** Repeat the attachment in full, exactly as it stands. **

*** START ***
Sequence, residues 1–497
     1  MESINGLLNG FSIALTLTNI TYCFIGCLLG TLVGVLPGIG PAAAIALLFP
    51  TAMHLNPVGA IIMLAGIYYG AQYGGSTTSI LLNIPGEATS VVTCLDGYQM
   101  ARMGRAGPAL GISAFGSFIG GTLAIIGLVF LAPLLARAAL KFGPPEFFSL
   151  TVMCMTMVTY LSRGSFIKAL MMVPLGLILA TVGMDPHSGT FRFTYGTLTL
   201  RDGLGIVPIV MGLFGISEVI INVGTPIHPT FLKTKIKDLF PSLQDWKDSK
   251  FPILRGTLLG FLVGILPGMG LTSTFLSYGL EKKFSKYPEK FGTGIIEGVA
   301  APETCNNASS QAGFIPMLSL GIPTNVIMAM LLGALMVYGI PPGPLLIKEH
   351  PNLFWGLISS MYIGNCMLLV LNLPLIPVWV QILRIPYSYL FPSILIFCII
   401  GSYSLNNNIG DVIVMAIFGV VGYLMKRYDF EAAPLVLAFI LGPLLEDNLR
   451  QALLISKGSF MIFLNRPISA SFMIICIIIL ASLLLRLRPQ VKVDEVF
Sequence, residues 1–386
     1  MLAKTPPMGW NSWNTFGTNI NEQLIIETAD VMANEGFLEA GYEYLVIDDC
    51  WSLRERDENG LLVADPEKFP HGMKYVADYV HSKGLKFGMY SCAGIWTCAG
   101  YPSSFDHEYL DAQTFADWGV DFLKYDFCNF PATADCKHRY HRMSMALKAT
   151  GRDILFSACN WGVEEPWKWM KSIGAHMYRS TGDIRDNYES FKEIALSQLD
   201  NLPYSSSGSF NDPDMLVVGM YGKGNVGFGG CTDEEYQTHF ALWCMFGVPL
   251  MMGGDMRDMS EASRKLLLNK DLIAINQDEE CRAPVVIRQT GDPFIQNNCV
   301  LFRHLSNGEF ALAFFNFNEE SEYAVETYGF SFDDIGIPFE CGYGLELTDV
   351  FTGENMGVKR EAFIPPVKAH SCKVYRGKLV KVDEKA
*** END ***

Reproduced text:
Sequence, residues 1–497
     1  MESINGLLNG FSIALTLTNI TYCFIGCLLG TLVGVLPGIG PAAAIALLFP
    51  TAMHLNPVGA IIMLAGIYYG AQYGGSTTSI LLNIPGEATS VVTCLDGYQM
   101  ARMGRAGPAL GISAFGSFIG GTLAIIGLVF LAPLLARAAL KFGPPEFFSL
   151  TVMCMTMVTY LSRGSFIKAL MMVPLGLILA TVGMDPHSGT FRFTYGTLTL
   201  RDGLGIVPIV MGLFGISEVI INVGTPIHPT FLKTKIKDLF PSLQDWKDSK
   251  FPILRGTLLG FLVGILPGMG LTSTFLSYGL EKKFSKYPEK FGTGIIEGVA
   301  APETCNNASS QAGFIPMLSL GIPTNVIMAM LLGALMVYGI PPGPLLIKEH
   351  PNLFWGLISS MYIGNCMLLV LNLPLIPVWV QILRIPYSYL FPSILIFCII
   401  GSYSLNNNIG DVIVMAIFGV VGYLMKRYDF EAAPLVLAFI LGPLLEDNLR
   451  QALLISKGSF MIFLNRPISA SFMIICIIIL ASLLLRLRPQ VKVDEVF
Sequence, residues 1–386
     1  MLAKTPPMGW NSWNTFGTNI NEQLIIETAD VMANEGFLEA GYEYLVIDDC
    51  WSLRERDENG LLVADPEKFP HGMKYVADYV HSKGLKFGMY SCAGIWTCAG
   101  YPSSFDHEYL DAQTFADWGV DFLKYDFCNF PATADCKHRY HRMSMALKAT
   151  GRDILFSACN WGVEEPWKWM KSIGAHMYRS TGDIRDNYES FKEIALSQLD
   201  NLPYSSSGSF NDPDMLVVGM YGKGNVGFGG CTDEEYQTHF ALWCMFGVPL
   251  MMGGDMRDMS EASRKLLLNK DLIAINQDEE CRAPVVIRQT GDPFIQNNCV
   301  LFRHLSNGEF ALAFFNFNEE SEYAVETYGF SFDDIGIPFE CGYGLELTDV
   351  FTGENMGVKR EAFIPPVKAH SCKVYRGKLV KVDEKA